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While driving home from my Sunday morning preaching opportunities, I am often able to catch at least part of the NPR radio program “Hidden Brain” hosted by Shankar Vedantam.  A month or so ago the first part of the program was an interview with a linguist whose primary point is that language has a way of re-wiring and shaping our brains.  How we think and even what we think is influenced significantly by the words and grammar we use every day.

As a German major in college, I resonated with the part of the interview that talked about the long-term effect of being a native speaker of a highly gendered language.  Although in English we might now and again refer to a ship in feminine terms—“She’s a fine boat!”—mostly in English nouns are non-gendered.  We use the definite article “the” for everything. 

But in German the word for “the” depends on the gender of the noun.  In the nominative form, Der, Die, Das, Die are the four words for “the” for Masculine, Feminine, Neuter, and Plural nouns.  (And just to keep German fun, that changes to Den, Die, Das, Die in the accusative, to Dem, Der, Dem, Den in the dative, and Des, Der, Des, Der in the genitive.)  You never know which word for “the” to use unless you know first the gender of the noun in question and then the function that noun has in a sentence (subject, object, direct object, possessive).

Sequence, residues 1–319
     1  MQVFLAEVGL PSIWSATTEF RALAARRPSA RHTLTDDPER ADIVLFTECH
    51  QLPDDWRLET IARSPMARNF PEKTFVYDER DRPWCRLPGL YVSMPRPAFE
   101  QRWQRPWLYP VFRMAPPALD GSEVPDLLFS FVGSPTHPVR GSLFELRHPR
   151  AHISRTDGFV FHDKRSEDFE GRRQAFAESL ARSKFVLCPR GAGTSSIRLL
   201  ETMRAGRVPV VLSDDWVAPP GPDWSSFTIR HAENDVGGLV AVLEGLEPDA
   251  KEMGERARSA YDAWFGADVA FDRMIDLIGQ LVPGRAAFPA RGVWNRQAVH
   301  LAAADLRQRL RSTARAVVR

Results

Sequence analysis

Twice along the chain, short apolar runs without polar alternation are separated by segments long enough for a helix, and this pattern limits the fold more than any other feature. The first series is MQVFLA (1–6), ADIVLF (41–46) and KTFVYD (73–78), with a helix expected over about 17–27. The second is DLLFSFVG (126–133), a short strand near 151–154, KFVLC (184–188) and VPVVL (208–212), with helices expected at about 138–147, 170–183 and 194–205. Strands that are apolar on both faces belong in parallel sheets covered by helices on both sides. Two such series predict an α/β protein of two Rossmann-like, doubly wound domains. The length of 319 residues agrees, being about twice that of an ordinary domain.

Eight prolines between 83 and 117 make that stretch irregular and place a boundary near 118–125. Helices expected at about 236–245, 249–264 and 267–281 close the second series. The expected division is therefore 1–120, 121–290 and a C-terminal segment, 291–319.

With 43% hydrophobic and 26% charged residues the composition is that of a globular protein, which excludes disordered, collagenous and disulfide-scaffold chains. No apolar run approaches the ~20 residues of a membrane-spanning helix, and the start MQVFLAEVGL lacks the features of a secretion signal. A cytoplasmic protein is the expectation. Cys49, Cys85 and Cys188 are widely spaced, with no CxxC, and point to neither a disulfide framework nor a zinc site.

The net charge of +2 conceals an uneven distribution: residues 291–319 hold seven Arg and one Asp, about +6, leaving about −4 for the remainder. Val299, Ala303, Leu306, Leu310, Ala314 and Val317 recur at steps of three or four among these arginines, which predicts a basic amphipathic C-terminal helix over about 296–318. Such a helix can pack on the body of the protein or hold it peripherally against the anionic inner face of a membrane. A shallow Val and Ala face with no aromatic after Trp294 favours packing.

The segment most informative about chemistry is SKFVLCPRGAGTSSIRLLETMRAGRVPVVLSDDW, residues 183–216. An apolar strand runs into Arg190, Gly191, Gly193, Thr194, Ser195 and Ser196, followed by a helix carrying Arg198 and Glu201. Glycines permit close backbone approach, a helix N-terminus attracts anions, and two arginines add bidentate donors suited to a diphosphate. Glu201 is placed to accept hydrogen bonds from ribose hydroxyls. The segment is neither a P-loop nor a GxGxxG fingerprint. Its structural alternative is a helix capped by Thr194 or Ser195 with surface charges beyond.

Near as anyone can tell, there is not a lot of rhyme or reason behind why certain words are the gender they are.  The classic example German teachers use for how crazy this can get is a table setting.  If you have a plate, a glass, a napkin, and a spoon, fork, and knife, then the plate is masculine, the glass is neuter, the napkin is feminine, the spoon is masculine, the fork is feminine, and the knife is neuter.

Really, anyone without German as a native language must simply memorize all that.

But for native speakers, the brain gets so wired into thinking of every object in a gendered way that a belief grows that there is something inherent to the objects that dictate its gender.  Ask a German why spoon is masculine and fork is feminine, and he may reply, “Well just look at them—the fork is so clearly feminine in appearance.”  On the “Hidden Brain” program, the linguist pointed out that “bridge” in German is feminine and Germans will tell you that is because bridges are elegant and beautiful in form.   Then again, in another language “bridge” is masculine and native speakers of that language will tell you bridges are clearly strong, sturdy, and with those soaring towers on suspension bridges.  Clearly all masculine traits.